Luzula DC.
Fl.Franc. 3:158 (1805)

Name Status: Current
Browse to the list of specimens for Luzula DC.

Scientific Description
H.R. Coleman, Thursday 8 September 2016

Family Juncaceae.

Habit and leaf form. Herbs; evergreen. Perennial; plants with a basal concentration of leaves (usually), or with neither basal nor terminal concentrations of leaves. Young stems cylindrical. Rhizomatous (rhizome usually flat). Helophytic to mesophytic. Heterophyllous (leaf forms include scale-like on the runners and rhizomes, foliar at the base of the culm and bracteous in the inflorescence). Leaves alternate; tristichous; sessile; sheathing. Leaf sheaths with joined margins. Leaves with ‘normal’ orientation; simple; epulvinate. Leaf blades entire; flat (or concave); narrowly ovate, or linear; parallel-veined. Leaves ligulate, or eligulate; without stipules. Leaf blade margins flat, or involute. Leaves with a persistent basal meristem, and basipetal development. Vegetative anatomy. Plants without silica bodies. Leaf anatomy. Guard-cells not ‘grass type’. Hairs present (usually pilose at the margin). Stem anatomy. Secondary thickening absent.

Reproductive type, pollination. Fertile flowers hermaphrodite. Unisexual flowers absent. Plants hermaphrodite. Floral nectaries absent (nectaries lacking). Anemophilous, or entomophilous.

Inflorescence and flower features. Flowers aggregated in ‘inflorescences’. The terminal inflorescence unit cymose (usually monochasial). Inflorescences scapiflorous, or not scapiflorous; terminal; many individually inserted flowers arranged in loose, much-branched panicles or with the flowers congested into dense clusters which are then arranged in a panicle, an anthela, a raceme, or contracted into dense spike-like structures; spatheate (with one or more spathal bracts). Flowers bracteate; bracteolate (bracts 1 or 2, translucent); small; regular; 3 merous; cyclic; tetracyclic, or pentacyclic. Perigone tube absent. Hypogynous disk absent. Perianth of ‘tepals’; 6; 2 -whorled; isomerous; free; sepaloid; similar in the two whorls, or different in the two whorls (tepals unequal or subequal); white, or brown. Androecium 3, or 6. Androecial members free of the perianth; all equal; free of one another; 1 -whorled, or 2 -whorled. Androecium exclusively of fertile stamens. Stamens 3, or 6; isomerous with the perianth, or diplostemonous. Filaments filiform (rarely linear and flattened). Anthers oblong, rarely linear; basifixed; non-versatile; dehiscing via longitudinal slits; introrse, or latrorse; unappendaged. Pollen shed in aggregates; in tetrads. Gynoecium 3 carpelled. The pistil 1 celled. Gynoecium syncarpous; synstylovarious; superior. Ovary unilocular; 1 locular. The ‘odd’ carpel anterior. Gynoecium shortly stylate. Styles 1; attenuate from the ovary; apical. Stigmas 3; dry type; papillate; Group II type. Placentation basal. Ovules in the single cavity 3; ascending; non-arillate; anatropous.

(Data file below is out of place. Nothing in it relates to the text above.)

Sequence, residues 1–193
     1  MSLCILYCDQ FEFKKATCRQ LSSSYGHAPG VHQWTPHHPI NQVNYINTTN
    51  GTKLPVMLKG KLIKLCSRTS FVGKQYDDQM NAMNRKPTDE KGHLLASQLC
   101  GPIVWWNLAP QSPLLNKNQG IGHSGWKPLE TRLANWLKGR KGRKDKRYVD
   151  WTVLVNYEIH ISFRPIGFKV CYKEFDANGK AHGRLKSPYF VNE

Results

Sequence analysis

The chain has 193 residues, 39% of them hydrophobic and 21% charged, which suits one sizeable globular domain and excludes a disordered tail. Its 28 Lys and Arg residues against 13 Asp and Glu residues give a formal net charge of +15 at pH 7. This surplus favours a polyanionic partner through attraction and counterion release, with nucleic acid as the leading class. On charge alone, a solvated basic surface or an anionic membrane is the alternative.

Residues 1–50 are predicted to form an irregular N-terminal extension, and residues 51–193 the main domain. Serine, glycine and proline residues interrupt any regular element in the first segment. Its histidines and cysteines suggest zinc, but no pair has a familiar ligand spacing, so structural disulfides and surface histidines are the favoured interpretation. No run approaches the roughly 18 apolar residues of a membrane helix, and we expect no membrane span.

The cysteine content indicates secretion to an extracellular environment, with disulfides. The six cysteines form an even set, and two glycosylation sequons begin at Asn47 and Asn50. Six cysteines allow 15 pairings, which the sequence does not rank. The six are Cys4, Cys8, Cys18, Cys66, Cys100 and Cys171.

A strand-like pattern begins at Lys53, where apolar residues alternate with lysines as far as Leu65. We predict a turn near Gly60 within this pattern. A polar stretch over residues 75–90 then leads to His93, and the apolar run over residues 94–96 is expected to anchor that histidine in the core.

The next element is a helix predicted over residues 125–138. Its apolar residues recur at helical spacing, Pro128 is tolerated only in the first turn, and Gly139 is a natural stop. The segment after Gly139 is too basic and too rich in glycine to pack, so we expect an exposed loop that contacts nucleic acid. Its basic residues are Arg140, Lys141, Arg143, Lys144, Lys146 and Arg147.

Fruit and seed features. Fruit non-fleshy; dehiscent; a capsule (trigonous). Capsules loculicidal. Fruit 1 locular (sometimes basally 3-lobed); 3 seeded. Seeds ellipsoid to oblong; endospermic. Endosperm not oily. Seeds arillate, or non-arillate; with starch. Cotyledons 1. Embryo straight (small). Seedling. Hypocotyl internode present, or absent. Mesocotyl absent. Seedling collar not conspicuous. Cotyledon hyperphyll elongated; assimilatory; more or less circular in t.s. Coleoptile absent. Seedling cataphylls absent. First leaf centric, or dorsiventral. Primary root ephemeral.

Physiology, biochemistry. Photosynthetic pathway: C3.

Geography, cytology, number of species. Native of Australia. Not endemic to Australia. Australian states and territories: Western Australia, South Australia, New South Wales, Victoria, and Tasmania. South-West Botanical Province.

Additional characters Stigmas the stigmatic area linear (twining).

Taxonomic Literature

  • Wheeler, Judy; Marchant, Neville; Lewington, Margaret; Graham, Lorraine (2002). Flora of the south west, Bunbury, Augusta, Denmark. Volume 1, introduction, keys, ferns to monocotyledons. Australian Biological Resources Study. Canberra.
  • Harden, Gwen J. (1993). Flora of New South Wales. Volume 4. New South Wales University Press. Kensington, N.S.W.